Hometown: Born and raised in Detroit
Education: B.A., communications and public relations (minor in English), University of Detroit Mercy, class of ’83
Career: Worked his way up sales ladder at Hilton; served as regional VP of sales and marketing for U.S. southeast and central regions before assuming his current position. Co-chair of the United States Travel Association (USTA) Meetings Mean Business Coalition and board member of other industry organizations.
When and why did you become involved with the hospitality industry?
After I graduated from college, I was a waiter at American Vineyards, a fine-dining restaurant at Hilton at Walt Disney World. One day, Bob Dirks, the regional vice president, came to do a hotel review. I waited on him, and he asked for a vodka martini—shaken, not stirred. Two months later, he came back. Before he had a chance to order, I got him the same drink and said, “Welcome back.” He looked at me, looked at my name tag and said, “Larry, you’re going all the way to the top.”
What accounts for your success in the hospitality industry?
It’s important to have the insight to know what people need before they need it. When I go to a great hotel, people anticipate my needs or react in a very positive way when I request something. This makes a person feel special. We’re in the hospitality business, and need to love our jobs to act that way. A lot of young people aspire to get into the hospitality industry, but not all of them have a passion for it. And they can’t expect to enter the industry making a manager’s salary; there’s massive competition for management jobs. My advice is to enter at the ground level, to understand what the industry is like and to enjoy the foundations of the business.
What are some of your current responsibilities with Hilton Worldwide?
Part of my responsibility is to get involved in a lot of different things. I need to be very flexible in how I spend my time. My challenge is to find as much quality time as I can, and be out there seeing customers and others. I like it, but it’s challenging. In terms of industry relations, one of the things I talk about is the whole idea that meetings matter. There’s an under-appreciation of who meetings serve; they serve everybody.
Why did you become involved with the Meetings Mean Business Coalition and what do you hope to accomplish during your term as co-chair?
My involvement was a direct result of what happened in September 2008. We had faced challenges before, but nothing quite like what happened then, when there was a massive reduction in travel and entertainment, and meetings were cancelled left and right. Roger Dow [president and CEO of the USTA] and others got together to get people on board and be productive with the messaging; the industry did a good job of it. A lot of people were saying that meetings are a waste of time, and the campaign message was that if you want to lose another 1 million jobs, just keep talking.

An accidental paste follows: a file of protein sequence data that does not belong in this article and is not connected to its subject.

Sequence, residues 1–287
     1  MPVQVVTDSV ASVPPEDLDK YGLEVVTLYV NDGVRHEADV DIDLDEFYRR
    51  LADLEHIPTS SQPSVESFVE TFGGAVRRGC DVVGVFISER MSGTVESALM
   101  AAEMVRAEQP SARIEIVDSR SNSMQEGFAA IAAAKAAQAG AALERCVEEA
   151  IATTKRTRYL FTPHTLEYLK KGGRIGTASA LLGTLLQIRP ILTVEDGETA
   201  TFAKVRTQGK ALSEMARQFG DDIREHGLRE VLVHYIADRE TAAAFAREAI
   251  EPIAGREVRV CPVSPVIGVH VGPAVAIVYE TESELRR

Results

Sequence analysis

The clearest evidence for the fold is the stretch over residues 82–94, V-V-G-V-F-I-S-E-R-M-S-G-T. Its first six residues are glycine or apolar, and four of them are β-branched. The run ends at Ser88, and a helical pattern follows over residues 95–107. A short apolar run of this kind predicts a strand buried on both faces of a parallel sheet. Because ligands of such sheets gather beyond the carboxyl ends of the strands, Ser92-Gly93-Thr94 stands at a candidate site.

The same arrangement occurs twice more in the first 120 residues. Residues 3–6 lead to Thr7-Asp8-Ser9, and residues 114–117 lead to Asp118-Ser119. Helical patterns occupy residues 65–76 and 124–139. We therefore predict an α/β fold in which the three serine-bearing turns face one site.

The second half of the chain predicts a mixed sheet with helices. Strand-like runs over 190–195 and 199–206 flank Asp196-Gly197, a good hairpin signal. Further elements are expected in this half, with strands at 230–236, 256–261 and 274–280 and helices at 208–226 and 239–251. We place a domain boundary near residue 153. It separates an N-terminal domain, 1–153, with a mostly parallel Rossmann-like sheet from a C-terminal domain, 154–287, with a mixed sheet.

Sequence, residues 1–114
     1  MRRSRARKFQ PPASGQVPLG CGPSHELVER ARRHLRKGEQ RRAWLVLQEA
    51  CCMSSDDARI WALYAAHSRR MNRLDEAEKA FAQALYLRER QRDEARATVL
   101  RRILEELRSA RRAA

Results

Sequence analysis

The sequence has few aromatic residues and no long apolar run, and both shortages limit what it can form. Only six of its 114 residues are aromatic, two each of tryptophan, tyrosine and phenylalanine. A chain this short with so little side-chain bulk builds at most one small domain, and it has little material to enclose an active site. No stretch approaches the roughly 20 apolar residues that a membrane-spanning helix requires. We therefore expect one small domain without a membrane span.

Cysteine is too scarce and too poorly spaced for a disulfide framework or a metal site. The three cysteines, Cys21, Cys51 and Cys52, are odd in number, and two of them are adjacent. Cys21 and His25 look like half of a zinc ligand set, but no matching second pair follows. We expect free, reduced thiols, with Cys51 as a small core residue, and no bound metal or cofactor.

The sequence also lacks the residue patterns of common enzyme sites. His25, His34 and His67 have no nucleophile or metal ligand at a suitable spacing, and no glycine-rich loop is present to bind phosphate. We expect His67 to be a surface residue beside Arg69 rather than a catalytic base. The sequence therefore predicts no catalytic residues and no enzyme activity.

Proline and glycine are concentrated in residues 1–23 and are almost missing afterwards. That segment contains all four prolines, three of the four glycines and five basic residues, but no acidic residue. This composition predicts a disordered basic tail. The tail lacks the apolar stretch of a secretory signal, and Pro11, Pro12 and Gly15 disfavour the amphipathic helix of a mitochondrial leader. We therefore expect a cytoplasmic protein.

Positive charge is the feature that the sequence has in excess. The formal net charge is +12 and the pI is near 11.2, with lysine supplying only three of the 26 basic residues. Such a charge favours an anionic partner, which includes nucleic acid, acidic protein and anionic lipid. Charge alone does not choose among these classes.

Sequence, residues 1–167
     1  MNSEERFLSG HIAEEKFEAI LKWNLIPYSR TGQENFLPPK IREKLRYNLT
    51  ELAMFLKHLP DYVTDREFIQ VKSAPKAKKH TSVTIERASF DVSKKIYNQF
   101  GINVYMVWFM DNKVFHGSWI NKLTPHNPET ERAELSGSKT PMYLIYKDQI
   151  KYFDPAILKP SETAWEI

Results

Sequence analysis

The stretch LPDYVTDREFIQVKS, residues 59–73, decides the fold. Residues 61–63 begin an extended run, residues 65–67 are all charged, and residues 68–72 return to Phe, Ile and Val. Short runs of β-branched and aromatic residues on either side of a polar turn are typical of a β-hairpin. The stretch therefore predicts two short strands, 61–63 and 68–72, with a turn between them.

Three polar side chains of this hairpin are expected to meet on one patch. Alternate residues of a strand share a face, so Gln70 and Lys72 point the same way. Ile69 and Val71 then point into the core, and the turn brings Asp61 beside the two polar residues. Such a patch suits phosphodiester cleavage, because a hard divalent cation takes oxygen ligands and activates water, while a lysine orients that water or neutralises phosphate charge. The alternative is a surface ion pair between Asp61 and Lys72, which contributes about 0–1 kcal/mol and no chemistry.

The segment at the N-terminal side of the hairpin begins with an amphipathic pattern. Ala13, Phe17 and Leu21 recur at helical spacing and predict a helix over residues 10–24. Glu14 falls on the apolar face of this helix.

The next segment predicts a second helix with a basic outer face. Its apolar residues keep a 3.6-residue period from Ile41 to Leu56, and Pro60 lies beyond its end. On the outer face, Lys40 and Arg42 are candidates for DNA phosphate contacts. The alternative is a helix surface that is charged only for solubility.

Has the message changed recently?
During the past five years, the message has developed from being reactive to proactive, but I think a lot more needs to be done; we need to get in front of issues more and enhance people’s awareness of the positive things in our industry. There is great value in getting people together face to face. Just about everything that is valuable is a result of person-to-person meetings. Strong ties are created and partnerships develop when people meet and look each other in the eye. There’s really something magical about people getting together and sharing a vision.
Did the industry’s financial struggles increase collaboration among competitors to get the word out?
It definitely did. People came together, but we can’t simply wait for a bad thing to happen to organize. We need to work hard to bring our message to the table and constantly stay after it. If politicians say negative things about the meetings industry, there need to be repercussions, because these negative things lead to people not getting paid and losing jobs, which end up affecting everyone.
What have been some of your main professional achievements?
First, I don’t take the credit for a lot of my individual achievements; my work is always done by a team, and I’m fortunate to have had great bosses and great teams. The foundation of my success has been integrity; I’ve had some great coaches and mentors, and I knew that if I handled myself as well as they did, I would help the company grow. From an industry perspective, I’ve been involved in a lot of things that I’m proud of, such as campus hospitality programs, which now are offered by many universities. They help us gain credibility as an industry with defined professions.
What do you enjoy doing in your spare time?
My wife and I have two daughters, one in college and one in high school. I love spending time with my family and playing golf.